Stakeholders at every level empowered to be leaders in effecting consistent systemwide change
What is it?
True systemwide change requires leaders who are empowered to experiment, make decisions, take risks and adjust their course. While the term leader usually refers to those in traditional management roles, such as superintendents and principals, it can also refer to stakeholders at any level within the system — including teachers, staff, support staff and even students. Empowering stakeholders at all levels creates a system of proactive leaders who are able to make critical decisions about their own learning and teaching, help each other solve problems, and enact change within and across their own spheres of influence.
Why is it important?
To make and sustain the transition to a standards-ready system, stakeholders will need a tremendous amount of trust, collaboration, communication and responsibility across the board. This requires a shift in culture to a distributed and cooperative model in which leadership is situational and contextual and does not have to rely on traditional structures and formalized approaches to make decisions within the system.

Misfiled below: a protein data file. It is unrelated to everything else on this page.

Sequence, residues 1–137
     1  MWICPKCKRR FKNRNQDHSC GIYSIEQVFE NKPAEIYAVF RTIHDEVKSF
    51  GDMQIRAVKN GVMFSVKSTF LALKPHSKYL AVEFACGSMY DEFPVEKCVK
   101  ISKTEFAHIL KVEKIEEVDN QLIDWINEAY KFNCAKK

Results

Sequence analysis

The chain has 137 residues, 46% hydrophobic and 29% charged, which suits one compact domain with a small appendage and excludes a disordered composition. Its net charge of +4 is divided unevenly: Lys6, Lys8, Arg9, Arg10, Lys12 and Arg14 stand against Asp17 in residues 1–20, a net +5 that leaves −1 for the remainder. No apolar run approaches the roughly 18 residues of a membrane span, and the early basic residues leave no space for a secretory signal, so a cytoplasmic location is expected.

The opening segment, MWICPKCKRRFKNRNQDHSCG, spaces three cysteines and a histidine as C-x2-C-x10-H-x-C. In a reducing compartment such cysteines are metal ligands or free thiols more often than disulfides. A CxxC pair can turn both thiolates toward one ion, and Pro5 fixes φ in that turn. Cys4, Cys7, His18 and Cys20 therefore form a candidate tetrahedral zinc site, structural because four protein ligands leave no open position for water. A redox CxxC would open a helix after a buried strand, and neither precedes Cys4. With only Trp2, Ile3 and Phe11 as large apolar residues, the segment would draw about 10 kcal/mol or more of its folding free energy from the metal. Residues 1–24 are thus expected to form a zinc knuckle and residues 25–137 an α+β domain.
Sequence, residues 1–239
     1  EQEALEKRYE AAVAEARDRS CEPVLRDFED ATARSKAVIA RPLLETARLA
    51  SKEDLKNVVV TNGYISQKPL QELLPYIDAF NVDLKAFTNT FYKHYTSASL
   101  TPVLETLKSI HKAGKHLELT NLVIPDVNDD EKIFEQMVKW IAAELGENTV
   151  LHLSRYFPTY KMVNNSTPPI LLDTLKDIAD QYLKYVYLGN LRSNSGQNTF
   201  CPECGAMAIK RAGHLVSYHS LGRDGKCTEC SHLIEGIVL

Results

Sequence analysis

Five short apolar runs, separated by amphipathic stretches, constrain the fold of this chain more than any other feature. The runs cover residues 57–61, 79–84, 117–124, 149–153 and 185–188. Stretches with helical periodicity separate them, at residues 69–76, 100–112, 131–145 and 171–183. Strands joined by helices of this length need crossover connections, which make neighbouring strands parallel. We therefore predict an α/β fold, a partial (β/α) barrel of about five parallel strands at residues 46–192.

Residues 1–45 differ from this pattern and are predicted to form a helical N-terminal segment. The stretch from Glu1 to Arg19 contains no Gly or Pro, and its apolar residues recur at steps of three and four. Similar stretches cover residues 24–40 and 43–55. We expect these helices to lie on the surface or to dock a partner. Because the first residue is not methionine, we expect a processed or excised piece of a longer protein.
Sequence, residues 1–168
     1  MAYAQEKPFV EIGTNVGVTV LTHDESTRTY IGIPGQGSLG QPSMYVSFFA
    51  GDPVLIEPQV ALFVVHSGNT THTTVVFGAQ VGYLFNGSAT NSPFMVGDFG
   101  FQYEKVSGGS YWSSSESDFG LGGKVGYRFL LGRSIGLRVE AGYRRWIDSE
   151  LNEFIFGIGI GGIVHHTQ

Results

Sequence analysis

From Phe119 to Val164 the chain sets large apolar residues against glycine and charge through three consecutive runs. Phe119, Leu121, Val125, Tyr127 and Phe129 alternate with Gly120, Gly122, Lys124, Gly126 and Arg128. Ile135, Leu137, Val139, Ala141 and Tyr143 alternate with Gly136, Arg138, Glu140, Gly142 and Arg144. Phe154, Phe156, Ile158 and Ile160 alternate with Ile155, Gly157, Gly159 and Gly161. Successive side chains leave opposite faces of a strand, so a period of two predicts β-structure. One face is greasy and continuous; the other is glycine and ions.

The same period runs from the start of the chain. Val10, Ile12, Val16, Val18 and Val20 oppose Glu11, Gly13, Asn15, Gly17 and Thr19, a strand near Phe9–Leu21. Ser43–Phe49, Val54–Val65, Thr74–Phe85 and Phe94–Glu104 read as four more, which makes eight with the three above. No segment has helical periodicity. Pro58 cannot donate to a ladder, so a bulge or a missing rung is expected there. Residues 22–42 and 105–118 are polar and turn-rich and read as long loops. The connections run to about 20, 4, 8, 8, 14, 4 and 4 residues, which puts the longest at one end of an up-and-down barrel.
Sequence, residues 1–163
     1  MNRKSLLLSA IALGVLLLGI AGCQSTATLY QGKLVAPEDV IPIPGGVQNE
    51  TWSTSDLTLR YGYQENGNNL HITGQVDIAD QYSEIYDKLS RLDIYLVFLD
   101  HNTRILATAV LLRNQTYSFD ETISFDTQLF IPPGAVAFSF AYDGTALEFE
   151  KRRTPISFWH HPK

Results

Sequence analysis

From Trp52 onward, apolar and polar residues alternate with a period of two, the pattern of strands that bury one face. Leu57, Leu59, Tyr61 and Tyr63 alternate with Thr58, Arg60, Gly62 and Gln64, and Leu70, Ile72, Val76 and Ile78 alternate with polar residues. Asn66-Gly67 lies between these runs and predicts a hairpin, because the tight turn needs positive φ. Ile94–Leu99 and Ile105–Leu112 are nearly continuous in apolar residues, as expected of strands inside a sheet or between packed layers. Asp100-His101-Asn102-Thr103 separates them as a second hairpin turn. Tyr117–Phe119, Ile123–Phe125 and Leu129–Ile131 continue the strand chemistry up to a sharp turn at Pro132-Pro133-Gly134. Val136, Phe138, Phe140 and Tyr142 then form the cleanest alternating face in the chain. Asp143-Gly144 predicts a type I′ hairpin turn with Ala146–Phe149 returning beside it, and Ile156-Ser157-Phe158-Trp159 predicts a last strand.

By empowering stakeholders at all levels to make decisions and solve problems, the system becomes better able to leverage existing strengths and expertise while strategically applying current resources in more judicial ways.
What does it look like?
Instead of a hierarchical governance model that implements change from the top down, a standards-ready system features bottom-up distributed leadership and decision making. Leadership in this case is plural, implying the importance of a shared governance model that enables and motivates the entire organization to shepherd change.
In a culture that empowers leaders at all levels:
- Superintendents support administrators when they take up issues on behalf of teachers.
- Administrators empower teachers to take risks while providing support on critical issues.
- Teachers and stakeholders have the opportunity to provide input on policies and are able to address issues in a supportive environment.